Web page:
under the skin in each thigh. She had bruises for months after each
treatment. That was it for me – things had gone way too far.
there was the Gayle I married, but it was getting harder and harder to see
her through her single-minded focus and the pile of bills and drugs and
thermometers and charts... She kept all this stuff at our bedside, and I
started to feel like I was sleeping in a hospital ward.
Gayle and Carole decided that it would be useful for me to join her for
"couples" counseling at Carole's office. I went, and it turned out to be the
catalyst for a series of curmudgeonly acquiescences, heartfelt agreements
and downright epiphanies. Part Two of this epic will deal with that subject.
Joys of Male Infertility
One of Gayle's doctors suggested that, to cover all bases, I get myself
checked out. I went to see a renowned L.A. area Reproductive
Endocrinologist. That was fun.
Don't get me
wrong – she is a wonderful doctor, and was gentle and kind in ways that I
wonder if male doctors could ever be. But no matter how you slice it, seeing
the testicle doctor just ain't the most pleasant thing a man might do with
She had this
cool collection of different sized little eggs on a chain. I thought they
were eggs, until I watched her comparing them to the size of my testicles –
egg in one hand, testicle in the other, gloved. When she found the correct
size-corresponding egg, she made a note in her file.
poked and gently prodded me for a while, asked a whole bunch of questions,
and soon, I found myself in a sterile bathroom with a little cup, a Playboy
Magazine, and an uncooperative genital in my hands. Playboy? I
handed the cup over to the doctor's assistant, who asked me if this were the
"entire" sample. What the heck kind of question was that? I had to
think about it for a moment. I looked at the cup and what I suddenly
perceived to be the minuscule amount of fluid within it, and wondered. I was
overcome by the urge to proclaim that it was, except for the quart that hit
the wall. Perhaps that might explain how long it took to produce the sample,
I thought – heck, I was cleaning up the mess! But alas, I simply stuttered
doctor came back to ask me if I wanted to take a look at my sperm. For some
reason I did, though I would come to regret it. She led me to the lab and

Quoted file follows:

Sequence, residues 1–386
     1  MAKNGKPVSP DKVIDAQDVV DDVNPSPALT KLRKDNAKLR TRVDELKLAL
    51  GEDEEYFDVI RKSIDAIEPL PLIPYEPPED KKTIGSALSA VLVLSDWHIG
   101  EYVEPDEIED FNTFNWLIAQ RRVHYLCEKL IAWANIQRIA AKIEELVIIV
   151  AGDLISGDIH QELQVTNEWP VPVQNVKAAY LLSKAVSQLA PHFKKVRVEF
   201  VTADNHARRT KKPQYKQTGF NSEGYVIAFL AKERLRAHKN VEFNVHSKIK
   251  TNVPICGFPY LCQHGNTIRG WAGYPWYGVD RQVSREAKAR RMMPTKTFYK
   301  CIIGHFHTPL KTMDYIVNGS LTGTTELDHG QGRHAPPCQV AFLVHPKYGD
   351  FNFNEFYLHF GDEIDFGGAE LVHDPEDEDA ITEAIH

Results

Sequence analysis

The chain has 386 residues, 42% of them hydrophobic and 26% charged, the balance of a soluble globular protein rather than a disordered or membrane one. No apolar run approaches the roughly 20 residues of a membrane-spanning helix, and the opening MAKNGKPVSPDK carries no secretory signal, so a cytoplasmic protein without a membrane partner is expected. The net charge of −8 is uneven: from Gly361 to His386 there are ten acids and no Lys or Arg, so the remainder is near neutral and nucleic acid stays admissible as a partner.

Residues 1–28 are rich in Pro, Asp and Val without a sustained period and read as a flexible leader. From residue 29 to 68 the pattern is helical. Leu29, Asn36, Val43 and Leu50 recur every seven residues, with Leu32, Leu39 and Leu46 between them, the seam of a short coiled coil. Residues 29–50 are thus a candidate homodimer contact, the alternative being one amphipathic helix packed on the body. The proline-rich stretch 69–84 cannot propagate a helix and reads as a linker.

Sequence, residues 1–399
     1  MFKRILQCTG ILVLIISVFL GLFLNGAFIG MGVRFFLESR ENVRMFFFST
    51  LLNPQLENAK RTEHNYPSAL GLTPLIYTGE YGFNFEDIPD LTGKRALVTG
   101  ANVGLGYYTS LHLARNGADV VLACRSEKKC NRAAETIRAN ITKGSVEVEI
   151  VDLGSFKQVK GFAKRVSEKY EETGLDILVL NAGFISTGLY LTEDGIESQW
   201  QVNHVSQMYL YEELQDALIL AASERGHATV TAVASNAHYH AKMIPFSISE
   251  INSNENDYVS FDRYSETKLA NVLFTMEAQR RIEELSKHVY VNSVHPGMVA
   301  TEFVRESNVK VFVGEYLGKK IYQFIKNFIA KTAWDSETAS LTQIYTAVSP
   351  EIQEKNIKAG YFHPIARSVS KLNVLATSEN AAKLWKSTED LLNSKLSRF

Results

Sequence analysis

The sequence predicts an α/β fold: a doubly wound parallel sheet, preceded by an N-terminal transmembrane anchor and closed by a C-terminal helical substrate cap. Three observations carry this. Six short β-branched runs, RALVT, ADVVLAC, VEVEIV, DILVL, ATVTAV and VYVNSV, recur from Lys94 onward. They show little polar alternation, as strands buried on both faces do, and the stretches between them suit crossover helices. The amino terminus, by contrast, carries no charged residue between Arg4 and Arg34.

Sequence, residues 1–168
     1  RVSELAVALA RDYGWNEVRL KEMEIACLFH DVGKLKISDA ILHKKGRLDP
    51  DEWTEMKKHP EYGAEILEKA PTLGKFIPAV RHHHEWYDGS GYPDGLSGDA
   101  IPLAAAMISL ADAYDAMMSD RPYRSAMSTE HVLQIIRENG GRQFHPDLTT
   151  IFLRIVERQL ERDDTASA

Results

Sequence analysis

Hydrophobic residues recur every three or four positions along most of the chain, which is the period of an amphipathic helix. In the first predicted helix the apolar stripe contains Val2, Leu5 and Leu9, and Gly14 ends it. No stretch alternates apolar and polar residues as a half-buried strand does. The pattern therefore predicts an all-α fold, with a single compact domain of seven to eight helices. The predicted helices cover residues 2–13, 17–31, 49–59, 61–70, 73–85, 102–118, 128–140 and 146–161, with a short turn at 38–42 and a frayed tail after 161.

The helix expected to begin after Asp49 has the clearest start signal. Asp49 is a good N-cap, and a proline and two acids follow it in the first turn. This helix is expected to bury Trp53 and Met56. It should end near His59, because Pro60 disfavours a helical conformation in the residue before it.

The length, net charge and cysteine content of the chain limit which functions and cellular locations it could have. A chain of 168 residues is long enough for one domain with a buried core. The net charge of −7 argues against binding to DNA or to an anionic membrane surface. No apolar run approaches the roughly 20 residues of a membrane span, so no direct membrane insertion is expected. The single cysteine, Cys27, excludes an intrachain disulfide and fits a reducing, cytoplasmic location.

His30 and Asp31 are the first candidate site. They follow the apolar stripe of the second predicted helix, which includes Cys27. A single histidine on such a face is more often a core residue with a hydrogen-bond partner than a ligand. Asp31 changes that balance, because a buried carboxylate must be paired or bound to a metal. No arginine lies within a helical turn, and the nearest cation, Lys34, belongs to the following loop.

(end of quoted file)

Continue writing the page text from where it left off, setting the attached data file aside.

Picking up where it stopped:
pointed me to the stereo microscope that had a blob of my semen on it and I
looked in. I had seen the usual images of healthy sperm (a scene from Woody
Allen's "Everything You Always Wanted to Know About Sex But Were Afraid To
Ask" leaps to mind), so I had some frame of reference, and what I was
looking at wasn't a whole lot like that. What I saw were a few of the little
guys swimming around looking acceptably energetic, but most looked like they
either had a very bad hangover or were the product of a biological
experiment gone awry, downstream from a nuclear test site. They were
downright weird looking. And there sure didn't seem to be a whole lot of
them in any case. My head was swimming with questions. Could my various
exercises in "youthful indiscretion" with substances be to blame for this?
Could the water I drank for a few years up in Humboldt, coming directly from
a stream downwind of dioxin-sprayed logging company land be to blame? Was I
a mutant? An alien?
I asked the
good Doctor, "what's the deal with my sperm?" She gave me all the sad
numbers, asked a bunch of other questions, told me I had something called a
"Varicocele," and said I should come back for more tests. As Gayle had
become pregnant several times, even though she miscarried, I was also
informed that even "deformed" sperm were indeed capable of penetrating an
egg (something some poor hamster eventually proved for me – hey, I can be
accused of many things, but trust me, I never aspired to impregnate a
hamster egg!), and that she recommended we continue with the regimen of
inseminations we were on, provided my sperm were "washed" (what, they were
dirty on top of everything else?!). I was informed that "washing" the sperm
ensured that the healthiest were delivered in the highest possible quantity
– something like reverse sperm population control.
shock of this reality sunk in a little, I was actually grateful for the
news. Up to that point, Gayle had imagined that our problems were her
"fault." ("Fault," in this context, continues to be an absurd concept to me
– how can something far outside one's control be their fault?) I was happy,
at least, to alleviate some of the weight she had to bear for our fertility
problems. But those sad little alien Quasimodo sperm really freaked me out,
even though they represented further reprieve from the possibility of
becoming a parent.
issue: "Boxer Shorts," "Adventures in Insemination," "The Benefits of
Therapy," and "Hitting the Brick Wall - Giving up on Fertility."